Memo to journalists: Journalism didn't just lose the battle. They lost the war.

LA Weekly has been sold and there is worry. And journalists who are angry as the sale is not even transparent. LA Weekly

A war on journalism?

Not anymore.

The war was fought a long while ago, and journalists lost.

Sure, there were warning signs. Sexual predators and fabricators got hired, groomed, fawned over, protection, promoted, and spoiled silly by their masters. While PR firms and their ilk spent billions of dollars researching how to better do their jobs...

Journalists did not. They thought they knew everything.

The j-schools didn't conduct studies. The deans got uppity at the notion that they had to change the ways they taught future generations. Editors dismissed innovative ideas.

Journalists bragged about who they bedded, how drunk they got, and the glorious old fights they had when stoned, and they always tried to one up each other with war stories.

They scraped off each others' newscasts. They plagiarized and they rehashed press releases. They let PR firms dictate the stories. They covered fake celebrities. They relied on pundits instead of people with actual facts.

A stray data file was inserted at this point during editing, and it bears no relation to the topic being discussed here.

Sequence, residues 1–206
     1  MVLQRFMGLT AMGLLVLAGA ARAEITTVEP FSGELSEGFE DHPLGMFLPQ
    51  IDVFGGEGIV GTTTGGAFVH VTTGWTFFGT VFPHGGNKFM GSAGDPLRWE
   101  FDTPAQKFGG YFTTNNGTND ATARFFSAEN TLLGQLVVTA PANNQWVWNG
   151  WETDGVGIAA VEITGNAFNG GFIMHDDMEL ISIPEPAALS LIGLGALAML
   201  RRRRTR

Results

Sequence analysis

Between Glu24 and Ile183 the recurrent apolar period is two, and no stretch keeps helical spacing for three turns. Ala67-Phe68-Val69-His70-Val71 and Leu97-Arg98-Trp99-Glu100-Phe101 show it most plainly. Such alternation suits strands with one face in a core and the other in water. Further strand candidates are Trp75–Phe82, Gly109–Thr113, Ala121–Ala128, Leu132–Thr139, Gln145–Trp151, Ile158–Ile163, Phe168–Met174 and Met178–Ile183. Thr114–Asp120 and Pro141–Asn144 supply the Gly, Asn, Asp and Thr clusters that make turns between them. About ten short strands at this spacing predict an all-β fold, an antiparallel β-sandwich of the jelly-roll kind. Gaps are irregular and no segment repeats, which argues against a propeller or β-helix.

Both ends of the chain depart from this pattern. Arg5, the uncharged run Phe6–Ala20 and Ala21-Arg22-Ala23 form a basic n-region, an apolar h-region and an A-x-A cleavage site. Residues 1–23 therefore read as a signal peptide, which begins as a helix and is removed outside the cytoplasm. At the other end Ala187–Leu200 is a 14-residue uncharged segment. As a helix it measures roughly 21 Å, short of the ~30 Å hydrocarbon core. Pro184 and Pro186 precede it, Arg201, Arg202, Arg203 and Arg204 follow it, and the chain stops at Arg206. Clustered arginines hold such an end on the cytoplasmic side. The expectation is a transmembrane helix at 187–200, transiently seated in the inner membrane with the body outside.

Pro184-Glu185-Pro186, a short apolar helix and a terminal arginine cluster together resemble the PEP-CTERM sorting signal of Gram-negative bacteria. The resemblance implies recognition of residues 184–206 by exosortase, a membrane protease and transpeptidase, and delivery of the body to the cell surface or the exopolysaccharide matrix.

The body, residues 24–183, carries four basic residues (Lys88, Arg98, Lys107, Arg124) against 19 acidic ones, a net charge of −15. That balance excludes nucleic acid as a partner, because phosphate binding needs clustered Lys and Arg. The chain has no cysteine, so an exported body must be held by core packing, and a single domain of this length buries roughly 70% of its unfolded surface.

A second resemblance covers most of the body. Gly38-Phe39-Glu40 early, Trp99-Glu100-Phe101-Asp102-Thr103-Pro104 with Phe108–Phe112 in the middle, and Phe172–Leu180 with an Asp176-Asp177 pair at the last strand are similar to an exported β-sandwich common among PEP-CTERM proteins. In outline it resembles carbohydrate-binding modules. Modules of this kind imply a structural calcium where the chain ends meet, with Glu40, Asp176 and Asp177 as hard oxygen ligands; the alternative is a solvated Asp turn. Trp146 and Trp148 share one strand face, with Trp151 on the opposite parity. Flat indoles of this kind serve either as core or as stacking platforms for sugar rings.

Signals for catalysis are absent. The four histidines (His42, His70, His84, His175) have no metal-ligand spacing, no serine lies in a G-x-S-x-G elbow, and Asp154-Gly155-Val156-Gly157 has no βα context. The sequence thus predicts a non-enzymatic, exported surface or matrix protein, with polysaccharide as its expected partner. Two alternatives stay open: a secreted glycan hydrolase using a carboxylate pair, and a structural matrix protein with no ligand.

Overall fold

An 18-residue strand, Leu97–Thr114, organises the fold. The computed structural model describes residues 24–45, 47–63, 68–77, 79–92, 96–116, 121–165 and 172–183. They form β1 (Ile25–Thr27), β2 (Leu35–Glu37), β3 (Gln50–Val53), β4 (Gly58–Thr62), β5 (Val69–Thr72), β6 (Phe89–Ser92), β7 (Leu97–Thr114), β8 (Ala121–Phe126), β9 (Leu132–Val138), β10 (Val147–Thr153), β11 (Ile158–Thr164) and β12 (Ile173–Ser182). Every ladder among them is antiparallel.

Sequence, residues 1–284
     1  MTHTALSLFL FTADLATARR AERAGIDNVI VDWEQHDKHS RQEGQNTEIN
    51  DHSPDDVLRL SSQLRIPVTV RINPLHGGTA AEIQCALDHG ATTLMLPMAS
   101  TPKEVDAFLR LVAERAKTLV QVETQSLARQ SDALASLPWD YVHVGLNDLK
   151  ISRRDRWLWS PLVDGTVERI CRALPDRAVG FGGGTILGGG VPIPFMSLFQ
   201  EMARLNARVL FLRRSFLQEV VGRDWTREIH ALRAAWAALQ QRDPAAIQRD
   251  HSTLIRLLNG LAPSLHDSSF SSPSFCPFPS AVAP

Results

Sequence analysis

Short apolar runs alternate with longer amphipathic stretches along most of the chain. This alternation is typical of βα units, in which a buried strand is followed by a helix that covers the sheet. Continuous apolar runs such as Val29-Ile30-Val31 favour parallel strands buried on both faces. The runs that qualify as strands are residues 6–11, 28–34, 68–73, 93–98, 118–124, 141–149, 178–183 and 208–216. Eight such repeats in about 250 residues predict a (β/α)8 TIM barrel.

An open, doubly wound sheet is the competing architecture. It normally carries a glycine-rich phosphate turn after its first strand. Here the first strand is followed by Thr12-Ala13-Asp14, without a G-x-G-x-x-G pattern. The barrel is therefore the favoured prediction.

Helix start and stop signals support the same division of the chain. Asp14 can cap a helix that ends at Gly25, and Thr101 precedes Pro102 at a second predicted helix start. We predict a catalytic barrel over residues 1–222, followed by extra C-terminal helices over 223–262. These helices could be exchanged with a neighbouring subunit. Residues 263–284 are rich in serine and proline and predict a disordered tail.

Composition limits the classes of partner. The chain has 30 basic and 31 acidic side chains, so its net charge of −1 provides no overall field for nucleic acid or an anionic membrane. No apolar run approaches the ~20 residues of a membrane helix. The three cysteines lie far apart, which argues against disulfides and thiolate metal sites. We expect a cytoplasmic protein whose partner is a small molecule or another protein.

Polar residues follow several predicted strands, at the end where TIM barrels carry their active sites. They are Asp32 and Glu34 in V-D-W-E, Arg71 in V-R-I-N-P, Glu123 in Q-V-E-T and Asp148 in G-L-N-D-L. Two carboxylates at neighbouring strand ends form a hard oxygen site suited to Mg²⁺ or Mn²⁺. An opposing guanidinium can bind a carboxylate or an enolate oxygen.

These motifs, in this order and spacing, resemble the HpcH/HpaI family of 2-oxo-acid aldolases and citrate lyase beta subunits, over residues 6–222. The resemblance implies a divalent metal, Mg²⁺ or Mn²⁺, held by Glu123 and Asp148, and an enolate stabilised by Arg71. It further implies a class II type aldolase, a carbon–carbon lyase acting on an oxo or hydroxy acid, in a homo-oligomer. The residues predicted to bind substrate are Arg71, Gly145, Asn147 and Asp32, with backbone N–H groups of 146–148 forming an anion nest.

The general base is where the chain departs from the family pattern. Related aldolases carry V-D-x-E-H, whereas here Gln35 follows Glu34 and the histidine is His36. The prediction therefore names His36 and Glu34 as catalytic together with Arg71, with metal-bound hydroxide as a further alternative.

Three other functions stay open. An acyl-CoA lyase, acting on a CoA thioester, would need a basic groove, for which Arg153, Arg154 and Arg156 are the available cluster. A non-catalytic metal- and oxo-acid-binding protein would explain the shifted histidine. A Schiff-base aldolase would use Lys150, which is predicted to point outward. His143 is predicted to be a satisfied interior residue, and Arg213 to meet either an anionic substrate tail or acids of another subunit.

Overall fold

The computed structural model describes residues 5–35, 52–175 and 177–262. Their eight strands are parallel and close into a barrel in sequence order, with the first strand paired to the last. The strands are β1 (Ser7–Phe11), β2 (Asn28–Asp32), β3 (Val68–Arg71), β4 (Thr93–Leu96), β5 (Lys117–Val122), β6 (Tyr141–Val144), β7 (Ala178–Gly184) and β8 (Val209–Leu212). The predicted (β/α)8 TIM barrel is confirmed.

But say any of it, and the howling from the peanut gallery at the thought that they are less than perfect says it all.

Journalism has lost the war. They never got that they were soldiers in a war to liberate truth from lies. They never had their war manuals. They never trained soldiers to be soldiers. They covered beauty pageants and worst-dressed lists. They covered canned events such as debates and press conferences as if those choreographed affairs were legitimate news stories.

And now they are alarmed? When they were taken prisoner by the victors of the war they never knew they were their enemies?

That fact that journalists never realized it tells you the true state of affairs for the profession. When the American president calls the traditional press "fake news", he has a point.

He knew how to play them ever since November 1, 1976 when he beguiled The New York TimesHow could he ever have respect for a press that published that?

Journalism has more than just a problem. Way more than just a crisis. Even more than just a cataclysm.

It first has to come to grips with its own demise, and make certain that its rebirth is one with a phoenix -- and not a zombie as all signs point to at the moment.

But that won't happen unless journalists look inward to do the first exposé it must do: on itself.

Fortunately, I have already taken the trouble to do it, and I will continue to fight for truth in any way I can.